Looking back along the ridge from the summit (this photo doesn’t really do justice to the steepness either, it’s really quite narrow at the top, though you can spend a lot of the time with your hands on the top of the ridge, walking your feet along holds on the slopey non-cliff side)


So I hit the summit – finally, that ridge seemed to go forever. Maybe it’s about 150 metres? I had Siggs at the start of it as a reference point, and she was certainly a distant blob. The journey back was quicker and easier, as I spent much less time going “Am I at the summit now? Nope, this isn’t it, maybe it’s that next bit.”



We sat at the top of the scree slope and looked down at the teahouse, helicopter pad, and Canmore while enjoying a second lunch. Followed by interminable plodding back down a path that seemed a lot less steep than it had done on the way up, and gradual removal of layers as we hit the warm valley air.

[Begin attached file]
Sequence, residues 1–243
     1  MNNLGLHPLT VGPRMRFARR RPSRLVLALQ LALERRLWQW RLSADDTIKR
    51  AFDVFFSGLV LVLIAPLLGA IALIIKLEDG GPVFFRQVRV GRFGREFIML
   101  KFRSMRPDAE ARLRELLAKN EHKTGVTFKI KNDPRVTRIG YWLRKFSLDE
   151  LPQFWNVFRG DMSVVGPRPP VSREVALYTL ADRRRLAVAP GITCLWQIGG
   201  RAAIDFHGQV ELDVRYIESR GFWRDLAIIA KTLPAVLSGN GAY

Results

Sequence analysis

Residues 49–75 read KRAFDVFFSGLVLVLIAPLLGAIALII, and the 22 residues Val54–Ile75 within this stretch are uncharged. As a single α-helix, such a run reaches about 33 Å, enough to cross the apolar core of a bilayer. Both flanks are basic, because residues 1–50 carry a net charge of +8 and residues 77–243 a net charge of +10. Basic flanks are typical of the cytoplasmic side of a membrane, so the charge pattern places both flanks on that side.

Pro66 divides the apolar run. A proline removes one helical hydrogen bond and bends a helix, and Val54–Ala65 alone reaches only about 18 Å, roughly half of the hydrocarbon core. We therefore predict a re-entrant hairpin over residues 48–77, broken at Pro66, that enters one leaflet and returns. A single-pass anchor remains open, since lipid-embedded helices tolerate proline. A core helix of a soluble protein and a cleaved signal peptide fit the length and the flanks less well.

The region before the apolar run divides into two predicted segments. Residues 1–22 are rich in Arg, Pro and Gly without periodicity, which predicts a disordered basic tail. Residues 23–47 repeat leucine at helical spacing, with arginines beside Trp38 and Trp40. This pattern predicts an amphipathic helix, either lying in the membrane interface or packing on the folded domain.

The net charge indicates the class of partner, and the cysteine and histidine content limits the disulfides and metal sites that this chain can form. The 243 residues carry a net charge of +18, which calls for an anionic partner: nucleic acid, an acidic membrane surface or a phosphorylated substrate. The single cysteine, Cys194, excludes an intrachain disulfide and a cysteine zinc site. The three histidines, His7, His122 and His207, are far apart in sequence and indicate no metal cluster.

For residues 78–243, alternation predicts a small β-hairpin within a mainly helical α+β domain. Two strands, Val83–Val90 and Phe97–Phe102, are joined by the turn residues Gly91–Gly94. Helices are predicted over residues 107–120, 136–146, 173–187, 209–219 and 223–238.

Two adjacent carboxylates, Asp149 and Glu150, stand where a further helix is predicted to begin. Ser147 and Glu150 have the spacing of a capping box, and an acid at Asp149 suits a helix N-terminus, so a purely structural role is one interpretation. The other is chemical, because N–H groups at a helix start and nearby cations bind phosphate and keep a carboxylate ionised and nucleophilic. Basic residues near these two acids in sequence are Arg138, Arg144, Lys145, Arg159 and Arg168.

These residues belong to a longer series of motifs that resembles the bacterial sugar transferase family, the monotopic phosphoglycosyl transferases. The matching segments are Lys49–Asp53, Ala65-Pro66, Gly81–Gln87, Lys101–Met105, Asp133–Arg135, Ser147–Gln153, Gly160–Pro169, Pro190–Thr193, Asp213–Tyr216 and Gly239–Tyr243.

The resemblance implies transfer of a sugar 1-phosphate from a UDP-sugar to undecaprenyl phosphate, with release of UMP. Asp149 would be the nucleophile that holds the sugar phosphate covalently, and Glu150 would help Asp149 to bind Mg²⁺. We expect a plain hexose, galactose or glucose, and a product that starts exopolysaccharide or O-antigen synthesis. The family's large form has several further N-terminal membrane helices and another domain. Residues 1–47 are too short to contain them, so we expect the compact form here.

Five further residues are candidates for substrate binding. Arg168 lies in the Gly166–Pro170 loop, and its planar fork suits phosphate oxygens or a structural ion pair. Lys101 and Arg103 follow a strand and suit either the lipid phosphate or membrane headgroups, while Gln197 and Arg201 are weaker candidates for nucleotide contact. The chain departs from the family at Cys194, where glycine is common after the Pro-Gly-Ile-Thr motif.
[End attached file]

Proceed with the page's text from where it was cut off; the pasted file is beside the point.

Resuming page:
bikes canada

mud and pemmican

Another ride up to Whiteman’s Gap, but without the hike up Ha Ling afterwards. It was cold (well, not really cold in the scheme of things for the Rockies, but cold after the nice 20oC temperatures I’ve become accustomed to), and raining as I cycled into the cloud. This left the dirt road lovely and muddy.



This photo was taken at the top, looking away from town across the dam. It takes just under an hour to bike here from home.



And it only takes about 15 minutes to get from Whiteman’s Gap back down to town. I can’t guarantee you’ll be clean afterwards though. Or that your camera will be dry after taking it out in the rain for the earlier photo.